A Q&A session with Dominika Pałasz, UX Researcher and UX Consultant
We are very fortunate to be joined today by Dominika Pałasz, UX Researcher at Space Rebels.
Today we are talking with Dominika Pałasz – UX researcher at Space Rebels, and a lecturer at Collegium Da Vinci.
In her interview with Sharewell, Dominika shares the story of getting into a UX adventure with her first job at a UX agency, and explains how she helps other people fulfill their dreams of entering the UX world.
Hello and welcome Dominika!
In which team do you work?
I form a UX team but work in a multidisciplinary team. He works closely and is in constant contact with developers, business, marketing, and production.
What is your role in the team?
I’m a UX Researcher and UX Consultant. I act independently and am responsible for the entire research process but also workshops to develop solutions and consult ideas with the business and recommend some solutions.
What is your working environment like?
I’m working in a startup where the environment is extremely dynamic. You have to be flexible enough to adapt to it. Although each person in the team is responsible for certain tasks, we are in constant contact with each other and do not infrequently support each other. It so happens that the situation requires learning completely new things, which is extremely developing, and for this, above all, I value the startup.
How did your adventure with UX begin?
My adventure with UX began while I was still studying cognitive science. I had a block of classes devoted to designing solutions with users in mind. From that moment I knew that this is what I wanted to grow in. I went on to get a master’s degree in UX Design specialization, and by expanding my research portfolio, with non-commercial projects, I managed to get my first job at a UX Agency. Since then, I have been actively working professionally and am extremely happy that my studies have brought such results.
What has been your greatest success?
In a very short time, I learned not only how to conduct research, but also how to work with business, development, or marketing. This has expanded my horizons tremendously. I managed to experience not only living in an agency but also my own freelance business, working in a startup, ending with a permanent job in a huge foreign company. I also became a lecturer and can share my experiences with others. It’s a huge success for me, because my learning has brought me to where I am in such a short time, and what’s more, now I’m the one who can help other people fulfill their dreams of entering the UX world.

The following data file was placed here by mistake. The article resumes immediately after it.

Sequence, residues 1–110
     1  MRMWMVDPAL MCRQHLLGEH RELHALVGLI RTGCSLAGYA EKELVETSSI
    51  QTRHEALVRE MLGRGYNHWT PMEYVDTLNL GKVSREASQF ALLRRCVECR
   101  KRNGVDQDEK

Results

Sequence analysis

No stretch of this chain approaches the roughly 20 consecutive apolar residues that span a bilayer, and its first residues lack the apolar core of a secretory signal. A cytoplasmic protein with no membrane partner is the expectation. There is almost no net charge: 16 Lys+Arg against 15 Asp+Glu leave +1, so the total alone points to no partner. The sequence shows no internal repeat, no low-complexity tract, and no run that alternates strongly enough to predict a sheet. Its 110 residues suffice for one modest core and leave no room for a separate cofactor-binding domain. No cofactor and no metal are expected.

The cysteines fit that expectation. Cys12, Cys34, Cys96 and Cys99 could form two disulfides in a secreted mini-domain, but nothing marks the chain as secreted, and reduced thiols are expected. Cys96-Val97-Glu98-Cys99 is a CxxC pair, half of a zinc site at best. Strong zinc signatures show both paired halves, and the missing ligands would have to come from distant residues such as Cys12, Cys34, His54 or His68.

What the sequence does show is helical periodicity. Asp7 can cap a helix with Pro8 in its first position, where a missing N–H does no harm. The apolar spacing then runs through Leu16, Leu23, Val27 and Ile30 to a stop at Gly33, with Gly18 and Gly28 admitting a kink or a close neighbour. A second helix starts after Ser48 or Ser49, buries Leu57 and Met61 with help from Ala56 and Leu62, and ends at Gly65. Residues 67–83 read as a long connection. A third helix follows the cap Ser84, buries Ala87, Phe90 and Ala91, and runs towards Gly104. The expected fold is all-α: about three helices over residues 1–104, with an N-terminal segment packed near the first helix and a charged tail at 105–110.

What project do you remember from which you had big learning?
Every project has taught me something. We learn the most from the mistakes we make. In my case, a great deal of humility and understanding was given to me by my first research projects, in which I had to recruit on my own, in which I was responsible for the entire process, from preparing the scenario, conducting the research, analyzing the data and writing the report with recommendations. It was when I was left alone, without the support of a second researcher, that I learned the most. I had to search for answers based not only on my knowledge and experience but also on the Internet. I believe that only the first independent project will allow you to understand and learn the most. When we have to count on ourselves.
How do you create a great user experience?
Creating the user experience is a complex process that involves many steps. I always start with understanding the problem. Once I know what the problem is and can pinpoint and narrow it down I prepare for user testing. It is not uncommon for me to enrich such research with analysis of found data or competitive analysis. Only when I manage to collect all the data, including user needs, do we sit down with the team to create solutions, and at the very end validate them again with users.
Usability, as understood by users, is not only about nice design, but first of all about functionality and a product or service that responds to their real needs.
What methods do you use to get the user’s perspective and why?
There are many research methods and they should be judiciously adjusted depending on the needs and purpose of the project. I very often rely on analysis of found data, usability testing, or in-depth interviews. Not infrequently I also support quantitative methods such as surveys or statistical analysis. All this is done to take the broadest possible view of the problem or needs and answer them as reliably as possible.
How do you most enjoy solving project problems?
I love the collaboration of many people, with different competencies. This allows you not to anchor on one solution but to look at the problem more broadly.
In workshop work, where there are a lot of discussions, joint design is something that always gives me the most satisfaction.
Having test data, it is worth basing not only on your research intuition but most importantly, colliding your recommendations with people responsible for UX design, programming, or just business.
What is your single best piece of advice for a new UX researcher?
Be courageous and persistent. Expand your knowledge, talk to people, seek answers and show yourself. Even if you are at the beginning of your journey, show that you know what the research process means. You will learn the tools quickly, the clue is to show your thinking style. Get involved in non-commercial projects and build your workshop. It will all pay off.